Q. With all the changes with the fuel injection and basically the aero package on the car, have you gotten any feedback from your engine builders and dyno operators as to what kind of power the new power plants make compared to the carbureted engine?
ERICA ENDERS: Yeah, across the board, dynos are kind of like bathroom scales. Every one you get on gives you a different readout. Based upon the data that we had with the carbureted stuff in comparison to what we have with the fuel injection stuff across the board, and that's just if other teams are telling the truth, everybody seems to be down between 40 and 60 horsepower. Maybe about a tenth to a tenth and a half, three mile per hour‑ish. But that's on the dyno, not on the racetrack. Everything translates differently.
We'll have to see how that data that we've collected on the dyno translates to the racetrack this coming weekend, but it'll definitely be slower to start with, I believe, but if you give all of these really smart guys a chance to catch up, I think that the sky is the limit with this new fuel injection stuff and being able to tune these race cars with the fuel map and the computers, it's definitely going to be different.
The longer we have with the new program as time goes on in the season, I definitely think that you'll see horsepower pick up significantly as well as increase in miles per hour.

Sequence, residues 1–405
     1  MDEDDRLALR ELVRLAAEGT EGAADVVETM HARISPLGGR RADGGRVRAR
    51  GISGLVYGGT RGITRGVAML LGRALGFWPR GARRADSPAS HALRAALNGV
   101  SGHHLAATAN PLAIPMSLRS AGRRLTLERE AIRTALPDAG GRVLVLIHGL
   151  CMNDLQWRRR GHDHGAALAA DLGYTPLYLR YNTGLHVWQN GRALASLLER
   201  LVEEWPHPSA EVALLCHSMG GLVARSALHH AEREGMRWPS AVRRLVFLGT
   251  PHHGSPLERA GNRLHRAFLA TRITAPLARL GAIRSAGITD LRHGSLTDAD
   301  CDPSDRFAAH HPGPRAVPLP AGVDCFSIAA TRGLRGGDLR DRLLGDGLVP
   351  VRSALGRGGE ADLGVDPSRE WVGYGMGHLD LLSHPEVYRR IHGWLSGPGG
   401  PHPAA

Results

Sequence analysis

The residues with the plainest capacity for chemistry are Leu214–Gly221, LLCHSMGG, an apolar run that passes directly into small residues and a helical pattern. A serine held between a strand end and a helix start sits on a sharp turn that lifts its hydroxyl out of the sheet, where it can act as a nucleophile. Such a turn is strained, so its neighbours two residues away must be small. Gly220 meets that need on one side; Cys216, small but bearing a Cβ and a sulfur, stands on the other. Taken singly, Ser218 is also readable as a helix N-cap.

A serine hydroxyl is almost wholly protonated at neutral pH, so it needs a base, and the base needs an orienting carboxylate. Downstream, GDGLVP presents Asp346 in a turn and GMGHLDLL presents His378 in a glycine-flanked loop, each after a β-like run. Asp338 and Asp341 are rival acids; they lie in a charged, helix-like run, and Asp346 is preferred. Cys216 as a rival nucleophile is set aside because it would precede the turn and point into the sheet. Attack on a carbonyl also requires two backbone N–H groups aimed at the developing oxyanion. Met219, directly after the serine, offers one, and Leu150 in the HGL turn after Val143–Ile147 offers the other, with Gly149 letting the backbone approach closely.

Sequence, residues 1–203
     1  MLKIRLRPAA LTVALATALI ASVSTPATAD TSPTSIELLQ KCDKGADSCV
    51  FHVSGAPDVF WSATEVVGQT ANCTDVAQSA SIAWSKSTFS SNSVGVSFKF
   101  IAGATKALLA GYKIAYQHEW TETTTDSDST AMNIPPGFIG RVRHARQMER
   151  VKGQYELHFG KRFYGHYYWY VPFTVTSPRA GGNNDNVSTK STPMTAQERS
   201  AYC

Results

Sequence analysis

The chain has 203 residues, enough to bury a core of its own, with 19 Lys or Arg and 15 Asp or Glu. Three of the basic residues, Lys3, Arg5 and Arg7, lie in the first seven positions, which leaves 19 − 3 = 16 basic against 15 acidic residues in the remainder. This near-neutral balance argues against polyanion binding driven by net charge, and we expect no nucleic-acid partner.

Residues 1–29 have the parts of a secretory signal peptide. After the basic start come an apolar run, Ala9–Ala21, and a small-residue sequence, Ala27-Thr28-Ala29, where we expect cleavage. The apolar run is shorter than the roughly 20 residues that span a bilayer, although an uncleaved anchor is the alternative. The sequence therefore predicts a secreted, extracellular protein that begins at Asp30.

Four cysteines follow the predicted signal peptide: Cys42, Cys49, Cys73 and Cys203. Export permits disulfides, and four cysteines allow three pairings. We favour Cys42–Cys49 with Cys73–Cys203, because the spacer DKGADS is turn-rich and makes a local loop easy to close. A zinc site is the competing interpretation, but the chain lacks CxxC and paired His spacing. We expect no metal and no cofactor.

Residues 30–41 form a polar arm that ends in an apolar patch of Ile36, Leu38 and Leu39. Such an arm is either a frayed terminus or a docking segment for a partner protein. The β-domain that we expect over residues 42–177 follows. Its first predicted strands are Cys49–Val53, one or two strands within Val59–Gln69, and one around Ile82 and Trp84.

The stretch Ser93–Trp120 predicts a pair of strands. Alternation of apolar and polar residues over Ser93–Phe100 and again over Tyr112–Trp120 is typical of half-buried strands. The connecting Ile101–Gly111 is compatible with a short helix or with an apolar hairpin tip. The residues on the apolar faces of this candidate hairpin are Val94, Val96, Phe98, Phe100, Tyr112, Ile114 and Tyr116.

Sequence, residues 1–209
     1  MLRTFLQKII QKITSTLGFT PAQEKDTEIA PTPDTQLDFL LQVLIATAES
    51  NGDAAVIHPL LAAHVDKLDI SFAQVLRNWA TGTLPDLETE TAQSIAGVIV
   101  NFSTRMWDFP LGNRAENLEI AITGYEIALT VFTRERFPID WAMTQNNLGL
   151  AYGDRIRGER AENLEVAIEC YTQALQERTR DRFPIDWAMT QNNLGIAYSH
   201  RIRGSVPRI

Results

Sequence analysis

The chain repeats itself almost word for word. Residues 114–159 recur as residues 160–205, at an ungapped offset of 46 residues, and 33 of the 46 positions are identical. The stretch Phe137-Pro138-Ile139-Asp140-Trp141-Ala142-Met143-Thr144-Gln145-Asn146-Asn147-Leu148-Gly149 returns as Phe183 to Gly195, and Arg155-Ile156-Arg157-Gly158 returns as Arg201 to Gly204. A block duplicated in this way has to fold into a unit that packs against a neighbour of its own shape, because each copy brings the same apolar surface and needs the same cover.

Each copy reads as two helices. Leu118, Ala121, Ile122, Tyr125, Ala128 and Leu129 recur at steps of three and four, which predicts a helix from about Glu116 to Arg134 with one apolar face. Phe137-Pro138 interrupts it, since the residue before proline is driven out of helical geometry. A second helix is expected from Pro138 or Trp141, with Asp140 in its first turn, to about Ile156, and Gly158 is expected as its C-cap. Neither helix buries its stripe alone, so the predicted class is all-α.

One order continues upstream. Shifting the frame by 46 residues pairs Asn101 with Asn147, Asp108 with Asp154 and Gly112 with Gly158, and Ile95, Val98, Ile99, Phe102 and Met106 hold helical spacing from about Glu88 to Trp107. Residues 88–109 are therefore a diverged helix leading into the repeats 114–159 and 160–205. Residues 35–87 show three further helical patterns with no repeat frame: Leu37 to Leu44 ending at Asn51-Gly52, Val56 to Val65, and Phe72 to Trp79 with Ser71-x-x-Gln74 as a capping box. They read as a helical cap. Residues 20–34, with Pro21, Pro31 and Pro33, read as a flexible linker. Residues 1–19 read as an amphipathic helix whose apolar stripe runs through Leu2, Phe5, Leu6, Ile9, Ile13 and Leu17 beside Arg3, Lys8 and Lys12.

Q. You've talked to Alan Johnson. Does he say the car handle differently without the scoop on it?
ERICA ENDERS: Well, yeah, it does handle differently, and I have the optimum opportunity to go to Detroit and visit the engineers at Mopar and spend some time in the wind tunnel and learning what they have learned from the data with comparing with the hood scoop and without the hood scoop, so downforce is definitely going to change significantly on the back of the car. It's creating a more loose feel, so I'm sure that everyone will compensate either with more wicker or running the cars differently completely.
We'll have to see what happens. AJ definitely said that they handle differently, but that's‑‑ every driver has a different way of handling things, so I'm hopeful that I know what to expect, but at the same time I'm not going to know until I get in the car myself.
Again, I'll just go in there with a clean head and try to figure it out as quickly as I can. It's definitely going to be a challenge.

Q. I think that anybody who's never been to the Winter Nationals needs to go this year, just to watch Pro Stock.
ERICA ENDERS: I agree with you.
SCOTT SPEED: Erica, thank you very much, as always, for your time and joining us. Good luck with the test session coming up, and we will see you in Pomona when we go racing in a couple weeks.
ERICA ENDERS: All right, thank you, guys.